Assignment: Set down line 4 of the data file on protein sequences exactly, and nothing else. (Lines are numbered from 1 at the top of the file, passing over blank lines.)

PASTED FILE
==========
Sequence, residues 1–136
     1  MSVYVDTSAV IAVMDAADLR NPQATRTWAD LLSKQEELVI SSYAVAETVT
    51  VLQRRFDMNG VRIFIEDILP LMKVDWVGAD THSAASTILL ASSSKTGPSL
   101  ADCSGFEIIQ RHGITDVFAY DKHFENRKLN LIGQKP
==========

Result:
   101  ADCSGFEIIQ RHGITDVFAY DKHFENRKLN LIGQKP